Subaru President Will Soon Decide Where To Locate An EV Manufacturing Facility In The United States

Subaru President Will Soon Decide Where To Locate An EV Manufacturing Facility In The United States

Subaru president will soon decide where to locate an EV manufacturing facility in the United States: According to Subaru‘s president, the automaker is nearing a decision on where to locate the electric vehicle plant that will be a significant component of its electrification strategy.

Atsushi Osaki stated in a group interview that while the company’s current facility in Indiana is a top contender, the site is being considered depending on the acquisition of onboard batteries and incentives from state governments. We’re getting close to the point when we need to decide,” he remarked.

Subaru President Will Soon Decide Where To Locate An EV Manufacturing Facility In The United States

The U.S., where electric car sales are rising, particularly in California, has Subaru’s EV production starting as early as 2027. Subaru predicted that by 2030, battery electric vehicles will sell 600,000 units worldwide, or 50% of all EVs sold worldwide.

While EV adoption rates in the US vary from state to state, according to Osaki, “there is no question that the trend continues to shift in the direction of EVs.”

The company plans to create a flexible production system because it is hard to forecast if EV sales in the U.S. will expand consistently or hit a plateau.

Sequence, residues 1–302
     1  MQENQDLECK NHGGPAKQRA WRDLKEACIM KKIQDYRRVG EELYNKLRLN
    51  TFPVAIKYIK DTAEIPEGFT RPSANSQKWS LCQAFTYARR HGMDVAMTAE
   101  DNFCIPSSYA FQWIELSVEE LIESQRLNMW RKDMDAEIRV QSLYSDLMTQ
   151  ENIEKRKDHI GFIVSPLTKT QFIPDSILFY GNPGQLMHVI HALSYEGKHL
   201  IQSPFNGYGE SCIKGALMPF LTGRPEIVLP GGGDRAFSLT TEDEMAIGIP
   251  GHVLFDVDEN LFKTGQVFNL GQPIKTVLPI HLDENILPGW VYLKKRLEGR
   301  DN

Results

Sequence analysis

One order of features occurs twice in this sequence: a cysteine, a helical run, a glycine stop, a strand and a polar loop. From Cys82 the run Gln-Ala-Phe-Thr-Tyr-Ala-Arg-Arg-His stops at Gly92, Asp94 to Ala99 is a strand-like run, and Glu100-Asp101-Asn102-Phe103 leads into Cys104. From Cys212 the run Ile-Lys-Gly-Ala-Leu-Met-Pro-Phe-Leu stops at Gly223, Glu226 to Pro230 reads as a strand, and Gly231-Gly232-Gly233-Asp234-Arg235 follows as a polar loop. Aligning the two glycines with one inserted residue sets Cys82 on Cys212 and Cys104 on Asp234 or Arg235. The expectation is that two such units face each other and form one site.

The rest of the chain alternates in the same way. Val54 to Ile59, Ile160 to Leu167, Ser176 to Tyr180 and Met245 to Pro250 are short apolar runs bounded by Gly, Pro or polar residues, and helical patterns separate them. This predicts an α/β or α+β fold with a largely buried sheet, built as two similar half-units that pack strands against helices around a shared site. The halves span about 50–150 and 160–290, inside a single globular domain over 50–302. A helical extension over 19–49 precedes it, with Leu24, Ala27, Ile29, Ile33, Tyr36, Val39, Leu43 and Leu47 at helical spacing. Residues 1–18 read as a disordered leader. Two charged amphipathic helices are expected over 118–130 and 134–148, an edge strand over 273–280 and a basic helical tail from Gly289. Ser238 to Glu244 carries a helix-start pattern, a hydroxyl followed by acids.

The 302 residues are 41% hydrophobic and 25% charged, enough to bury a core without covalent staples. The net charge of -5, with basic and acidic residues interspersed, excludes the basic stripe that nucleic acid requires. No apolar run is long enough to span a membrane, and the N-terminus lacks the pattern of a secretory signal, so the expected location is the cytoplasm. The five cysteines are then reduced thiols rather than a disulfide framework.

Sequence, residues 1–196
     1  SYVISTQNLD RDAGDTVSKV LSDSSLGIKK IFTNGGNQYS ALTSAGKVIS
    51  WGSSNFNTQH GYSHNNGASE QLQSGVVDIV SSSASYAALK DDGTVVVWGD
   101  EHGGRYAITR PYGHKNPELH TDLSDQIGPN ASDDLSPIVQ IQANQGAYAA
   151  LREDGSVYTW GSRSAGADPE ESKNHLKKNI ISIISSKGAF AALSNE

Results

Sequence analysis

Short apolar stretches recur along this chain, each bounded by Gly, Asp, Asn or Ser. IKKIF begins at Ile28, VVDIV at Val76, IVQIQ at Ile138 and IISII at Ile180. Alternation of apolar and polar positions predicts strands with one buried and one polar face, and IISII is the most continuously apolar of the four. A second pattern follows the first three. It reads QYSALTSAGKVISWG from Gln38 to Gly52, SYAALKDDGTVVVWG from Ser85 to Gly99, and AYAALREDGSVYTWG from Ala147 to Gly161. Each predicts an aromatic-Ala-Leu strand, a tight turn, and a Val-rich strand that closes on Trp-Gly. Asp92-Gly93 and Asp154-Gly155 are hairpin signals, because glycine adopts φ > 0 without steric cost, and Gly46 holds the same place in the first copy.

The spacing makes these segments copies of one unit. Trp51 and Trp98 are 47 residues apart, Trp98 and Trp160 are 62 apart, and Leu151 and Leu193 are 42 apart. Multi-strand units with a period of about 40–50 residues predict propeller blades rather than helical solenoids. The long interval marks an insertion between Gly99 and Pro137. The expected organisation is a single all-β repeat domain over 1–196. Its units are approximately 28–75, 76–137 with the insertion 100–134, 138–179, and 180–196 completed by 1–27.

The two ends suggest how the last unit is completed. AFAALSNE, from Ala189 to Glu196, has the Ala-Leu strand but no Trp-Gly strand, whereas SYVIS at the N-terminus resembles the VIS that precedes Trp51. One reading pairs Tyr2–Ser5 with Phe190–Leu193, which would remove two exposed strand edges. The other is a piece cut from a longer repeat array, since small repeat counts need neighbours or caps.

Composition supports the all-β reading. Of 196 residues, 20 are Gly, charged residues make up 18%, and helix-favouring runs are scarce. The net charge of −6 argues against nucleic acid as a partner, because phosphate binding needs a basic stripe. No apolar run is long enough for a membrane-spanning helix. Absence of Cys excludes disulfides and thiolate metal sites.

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The purchase of batteries is a crucial issue. Candidates for suppliers include Panasonic Holdings, which is in discussions to provide batteries, and Toyota, which owns a share in Subaru. The decision about whether to purchase the batteries through Toyota or on our own will be made “after we choose whether we will acquire the batteries from Toyota or our own route,” Osaki stated.

Because of the significant investment and job creation that would ensue, U.S. states are fighting to recruit EV and battery manufacturing by giving tax credits, subsidies, and other incentives. When Osaki visited Japan earlier this month, he met with Indiana Governor Eric Holcomb, where Subaru’s facility is located, and “received various proposals,” including one for EV manufacture.

He added that he is looking at various manufacturing sites, but that Indiana, a state that has been a partner of Subaru for approximately 35 years, is “naturally a prime candidate” for an EV production base.

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Due to the expensive price of batteries and other considerations, there are worries that automakers’ profit margins would decrease with the introduction of EVs. Subaru anticipates an operational profit margin of 7.1% for this financial year through March, which is slightly higher than Nissan and Honda but lower than Toyota, the largest automaker in the world.

Company had stated that it aimed for “an industry-leading operating margin” of 8% in its medium-term management plan, which was unveiled in May 2021, but the strategy unveiled in August did not include a specific number.

According to Tatsuo Yoshida, a Bloomberg Intelligence analyst, Subaru may be able to maintain short-term margins in the high single digits as output rebounds due to increasing unit sales, stabilized material costs, and a weak yen. However, Yoshida warned that “medium-term profit may come under pressure” because Subaru intends to invest about 1.5 trillion ($10.2 billion) on electrification by 2030.

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